The Escondido Fish and Game Associations’ Range Safety Officer/Range Master Corps (RSO’s) is an elite group of Association Member’s that have been trained in range safety and security. They volunteer their time to assure that the range is safe and secure for all of the Association Members and their Guests.
The Active RSO will work a minimum of one five hour shift a month. The range shifts are:
- 7:00 a.m. to 12:00 p.m.
- 12:00 p.m. to 5:00 p.m.
- 5:00 p.m. to sunset during summer daylight savings time.
During their shift, the RSO will check the security of the perimeter fence and check the locks on the gates. They will checks all locks on the buildings and note any discrepancies. They sign-in on all ranges at the beginning of their shift and collect any “green sheets” from the previous day.
During their “walk-abouts”, the RSO’s will greet members and their guests and check membership credentials. They will assist members and guests with safety issues and procedures keeping range safety in the fore front of everyone’s mind. The RSO will observe members and guests while they are shooting on ranges to assure that proper safety procedures are followed, thus keeping fellow shooters safe and secure.
The majority of the Associations’ RSO’s have completed the “National Rifle Association’s Range Safety Officer Certification” process. The certification process consists of classroom learning experiences and discussions. In the classroom, RSO’s learn the basics of NRA range safety and EF&GA safety and security. The individuals completing the classroom have stated that they learned a lot and had a good time doing so.
Becoming an RSO is an easy task. The individual must be conscientious, personable, and safety aware. Call or e-mail the Association Training Coordinator or the Chief Range Safety Officer to answer any questions you may have and set-up a training session. The training session consists of approximately one shift period learning the ranges safety procedures, security procedures and RSO related items. At the end of the training session, the prospective RSO is asked if they would like to become a member of the RSO Corps and do they feel comfortable working on the range. If they say they would like to join the Corps, they are issued the “Red Hat and Tee-Shirt” and a name badge is ordered. Some new RSO’s work with other experienced RSO’s to become more comfortable and familiar with the procedures. That is an easy thing to do.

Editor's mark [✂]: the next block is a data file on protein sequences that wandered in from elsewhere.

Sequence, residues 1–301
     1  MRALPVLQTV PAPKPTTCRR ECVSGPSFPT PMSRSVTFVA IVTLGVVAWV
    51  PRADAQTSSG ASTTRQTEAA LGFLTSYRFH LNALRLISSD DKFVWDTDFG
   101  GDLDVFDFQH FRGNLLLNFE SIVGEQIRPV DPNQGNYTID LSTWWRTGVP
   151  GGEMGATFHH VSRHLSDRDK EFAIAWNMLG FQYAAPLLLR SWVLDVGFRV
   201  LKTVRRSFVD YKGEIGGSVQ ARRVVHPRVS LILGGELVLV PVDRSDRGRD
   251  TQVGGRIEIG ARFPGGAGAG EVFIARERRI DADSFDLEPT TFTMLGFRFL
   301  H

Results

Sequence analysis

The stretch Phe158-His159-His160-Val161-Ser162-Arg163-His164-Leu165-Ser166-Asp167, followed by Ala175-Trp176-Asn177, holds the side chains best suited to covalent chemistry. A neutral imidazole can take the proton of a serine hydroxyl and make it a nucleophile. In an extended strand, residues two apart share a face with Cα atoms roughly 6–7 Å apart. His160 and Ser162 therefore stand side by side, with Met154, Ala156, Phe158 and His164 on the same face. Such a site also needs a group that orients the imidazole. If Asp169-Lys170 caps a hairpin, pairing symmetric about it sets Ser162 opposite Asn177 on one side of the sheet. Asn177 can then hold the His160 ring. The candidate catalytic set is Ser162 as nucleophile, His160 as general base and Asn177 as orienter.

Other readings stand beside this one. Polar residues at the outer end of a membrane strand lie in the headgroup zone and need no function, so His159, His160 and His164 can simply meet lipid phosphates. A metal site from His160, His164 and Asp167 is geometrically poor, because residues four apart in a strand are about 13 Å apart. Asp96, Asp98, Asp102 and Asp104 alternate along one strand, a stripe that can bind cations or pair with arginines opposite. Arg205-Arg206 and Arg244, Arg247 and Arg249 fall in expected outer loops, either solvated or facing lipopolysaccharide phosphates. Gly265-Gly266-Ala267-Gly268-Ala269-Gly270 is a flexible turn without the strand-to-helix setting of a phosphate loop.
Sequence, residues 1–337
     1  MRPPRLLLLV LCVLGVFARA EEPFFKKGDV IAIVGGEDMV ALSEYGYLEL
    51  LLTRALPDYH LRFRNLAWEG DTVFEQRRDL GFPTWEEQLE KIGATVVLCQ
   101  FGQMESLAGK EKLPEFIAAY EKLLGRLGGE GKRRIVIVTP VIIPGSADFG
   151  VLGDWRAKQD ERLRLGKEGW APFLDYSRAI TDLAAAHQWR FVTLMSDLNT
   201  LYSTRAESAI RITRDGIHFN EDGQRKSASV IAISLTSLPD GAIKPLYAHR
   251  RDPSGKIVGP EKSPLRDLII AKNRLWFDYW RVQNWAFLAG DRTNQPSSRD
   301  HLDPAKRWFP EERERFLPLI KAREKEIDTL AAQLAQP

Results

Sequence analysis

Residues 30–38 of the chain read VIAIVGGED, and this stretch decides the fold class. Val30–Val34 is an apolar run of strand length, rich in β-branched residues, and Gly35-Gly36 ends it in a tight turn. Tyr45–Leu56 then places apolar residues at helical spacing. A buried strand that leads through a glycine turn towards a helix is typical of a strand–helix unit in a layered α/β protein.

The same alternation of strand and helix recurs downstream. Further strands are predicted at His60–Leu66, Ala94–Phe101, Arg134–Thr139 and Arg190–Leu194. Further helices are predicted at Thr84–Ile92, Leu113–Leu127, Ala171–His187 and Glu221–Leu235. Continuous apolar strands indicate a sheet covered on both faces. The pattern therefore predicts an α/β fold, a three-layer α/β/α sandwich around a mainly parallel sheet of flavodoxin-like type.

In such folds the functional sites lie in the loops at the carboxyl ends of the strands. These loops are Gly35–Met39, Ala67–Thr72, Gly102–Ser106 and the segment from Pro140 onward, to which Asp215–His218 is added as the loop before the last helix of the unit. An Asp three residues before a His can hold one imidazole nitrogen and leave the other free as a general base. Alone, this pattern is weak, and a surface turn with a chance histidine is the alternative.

When a member becomes a Range Safety Officer, they sign-up for range duty shift’s and start having an enjoyable time. Many of our RSO’s have made lasting friendships with other RSO’s and members. They can learn a lot about firearms and what makes them work. They can learn about many different shooting venues as well. Many of the Associations’ RSO also volunteer to help out at sanctioned shooting events: Women on Target, Junior Rifle, Junior Pistol, Trap, etc. This is an interesting and rewarding experience.
I would like to thank the Associations’ RSO’s; past, present and future.
Chief Range Safety Officer